Where parties and presents are concerned, there’s such a thing as a pleasant surprise. Where budgets and bills are, there isn’t. Indeed, in business, the upsetting of expectations is not only unpleasant—it can destroy the most important part of a professional relationship.
I was recently at a meeting where a former general counsel now in private practice talked about surprises—namely, the surprise of receiving an invoice from an outside law firm for an amount much higher than initially discussed. Upon receiving this bill, the attorney said he would of course be irritated by the amount. But more importantly, he pointed out, these “surprises” would cause him to lose his trust in the professional-services provider—the trust that the provider would deliver what they had promised, at the cost they had promised.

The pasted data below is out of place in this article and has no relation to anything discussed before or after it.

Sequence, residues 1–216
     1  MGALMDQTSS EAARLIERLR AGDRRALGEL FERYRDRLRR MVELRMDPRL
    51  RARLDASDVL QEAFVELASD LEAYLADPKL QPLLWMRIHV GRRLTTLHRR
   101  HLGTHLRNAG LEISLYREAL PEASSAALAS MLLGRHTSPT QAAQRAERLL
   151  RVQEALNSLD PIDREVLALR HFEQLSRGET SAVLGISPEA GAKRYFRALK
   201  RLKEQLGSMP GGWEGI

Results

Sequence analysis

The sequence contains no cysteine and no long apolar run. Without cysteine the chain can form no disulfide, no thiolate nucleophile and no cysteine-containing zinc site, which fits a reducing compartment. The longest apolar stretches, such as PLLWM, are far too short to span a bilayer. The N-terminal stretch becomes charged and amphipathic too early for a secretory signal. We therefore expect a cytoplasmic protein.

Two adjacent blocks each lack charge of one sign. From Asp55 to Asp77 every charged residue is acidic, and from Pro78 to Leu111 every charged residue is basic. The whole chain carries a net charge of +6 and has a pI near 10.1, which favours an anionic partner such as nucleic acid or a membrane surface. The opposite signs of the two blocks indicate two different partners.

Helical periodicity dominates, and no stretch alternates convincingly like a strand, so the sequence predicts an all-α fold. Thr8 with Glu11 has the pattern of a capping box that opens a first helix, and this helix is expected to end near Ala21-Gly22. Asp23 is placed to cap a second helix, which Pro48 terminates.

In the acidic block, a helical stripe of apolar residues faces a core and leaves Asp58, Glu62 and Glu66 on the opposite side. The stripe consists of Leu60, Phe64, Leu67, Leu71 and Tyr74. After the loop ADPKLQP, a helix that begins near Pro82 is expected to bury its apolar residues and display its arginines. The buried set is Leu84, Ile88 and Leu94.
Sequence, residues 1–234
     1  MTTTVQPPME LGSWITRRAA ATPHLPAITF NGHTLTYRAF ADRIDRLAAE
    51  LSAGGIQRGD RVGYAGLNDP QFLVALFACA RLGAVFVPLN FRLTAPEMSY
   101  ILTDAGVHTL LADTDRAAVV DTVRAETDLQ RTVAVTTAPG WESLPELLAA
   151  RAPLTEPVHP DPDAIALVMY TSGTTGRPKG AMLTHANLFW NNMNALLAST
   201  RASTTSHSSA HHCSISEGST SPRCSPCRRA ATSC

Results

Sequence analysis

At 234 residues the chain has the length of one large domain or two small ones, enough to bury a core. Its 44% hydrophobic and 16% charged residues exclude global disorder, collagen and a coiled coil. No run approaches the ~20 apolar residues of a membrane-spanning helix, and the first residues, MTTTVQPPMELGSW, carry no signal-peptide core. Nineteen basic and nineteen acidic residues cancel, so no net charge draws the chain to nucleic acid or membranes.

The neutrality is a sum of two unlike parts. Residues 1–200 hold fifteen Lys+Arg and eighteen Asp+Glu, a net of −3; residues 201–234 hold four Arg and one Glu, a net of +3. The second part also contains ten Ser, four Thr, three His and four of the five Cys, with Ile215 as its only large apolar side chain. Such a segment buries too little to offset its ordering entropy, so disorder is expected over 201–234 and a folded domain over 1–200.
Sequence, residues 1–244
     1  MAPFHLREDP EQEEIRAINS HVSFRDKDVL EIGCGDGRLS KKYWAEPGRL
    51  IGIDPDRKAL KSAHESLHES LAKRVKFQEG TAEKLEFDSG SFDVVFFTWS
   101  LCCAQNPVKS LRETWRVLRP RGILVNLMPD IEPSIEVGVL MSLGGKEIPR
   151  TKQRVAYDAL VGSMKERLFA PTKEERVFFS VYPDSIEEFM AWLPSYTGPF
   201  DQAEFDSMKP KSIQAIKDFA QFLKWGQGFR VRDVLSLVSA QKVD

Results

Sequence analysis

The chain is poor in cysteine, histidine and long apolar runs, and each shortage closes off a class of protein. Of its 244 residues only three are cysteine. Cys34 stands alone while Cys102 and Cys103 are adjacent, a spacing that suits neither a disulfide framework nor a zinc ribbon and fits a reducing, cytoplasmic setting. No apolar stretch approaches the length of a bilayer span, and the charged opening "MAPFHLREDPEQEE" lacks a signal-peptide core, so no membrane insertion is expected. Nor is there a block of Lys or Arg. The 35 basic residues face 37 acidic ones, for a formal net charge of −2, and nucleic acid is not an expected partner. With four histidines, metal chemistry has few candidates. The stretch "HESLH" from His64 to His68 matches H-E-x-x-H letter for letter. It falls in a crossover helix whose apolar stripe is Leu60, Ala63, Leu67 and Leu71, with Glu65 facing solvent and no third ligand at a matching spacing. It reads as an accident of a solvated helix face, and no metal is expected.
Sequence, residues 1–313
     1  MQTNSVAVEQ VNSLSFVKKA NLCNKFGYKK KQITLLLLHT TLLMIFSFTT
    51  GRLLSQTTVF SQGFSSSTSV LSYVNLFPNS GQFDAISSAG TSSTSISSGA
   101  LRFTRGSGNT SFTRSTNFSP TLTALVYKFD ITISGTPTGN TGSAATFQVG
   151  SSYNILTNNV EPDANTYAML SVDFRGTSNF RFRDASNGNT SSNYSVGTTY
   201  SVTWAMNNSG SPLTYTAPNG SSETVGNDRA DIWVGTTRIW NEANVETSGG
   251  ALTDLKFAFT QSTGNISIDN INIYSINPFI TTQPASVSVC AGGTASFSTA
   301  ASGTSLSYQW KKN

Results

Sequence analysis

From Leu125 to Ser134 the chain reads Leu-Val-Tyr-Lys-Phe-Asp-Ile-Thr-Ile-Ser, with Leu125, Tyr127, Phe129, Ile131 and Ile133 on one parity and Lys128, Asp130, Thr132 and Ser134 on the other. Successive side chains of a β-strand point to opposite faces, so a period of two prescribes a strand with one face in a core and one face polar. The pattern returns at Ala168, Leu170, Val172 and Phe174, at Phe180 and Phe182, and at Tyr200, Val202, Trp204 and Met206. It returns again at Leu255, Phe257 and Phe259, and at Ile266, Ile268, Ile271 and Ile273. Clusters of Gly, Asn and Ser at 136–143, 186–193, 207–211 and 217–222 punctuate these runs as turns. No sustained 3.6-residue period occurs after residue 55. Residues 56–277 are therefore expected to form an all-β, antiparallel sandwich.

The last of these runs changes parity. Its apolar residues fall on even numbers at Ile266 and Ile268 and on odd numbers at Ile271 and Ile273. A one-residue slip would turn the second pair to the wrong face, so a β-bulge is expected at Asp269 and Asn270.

Cost overruns happen. And when they do happen, the best thing a provider of professional services can do is give their client a heads-up. What this attorney was saying, though, made explicit something all of us in professional services know implicitly: the most valuable element in any business relationship is trust. After all, as long as you have a client’s trust, you have the opportunity to work with that client in the future, and that opportunity is invaluable. It makes you think: When a professional-services provider surprises their client with cost overruns, who really incurs the greater cost?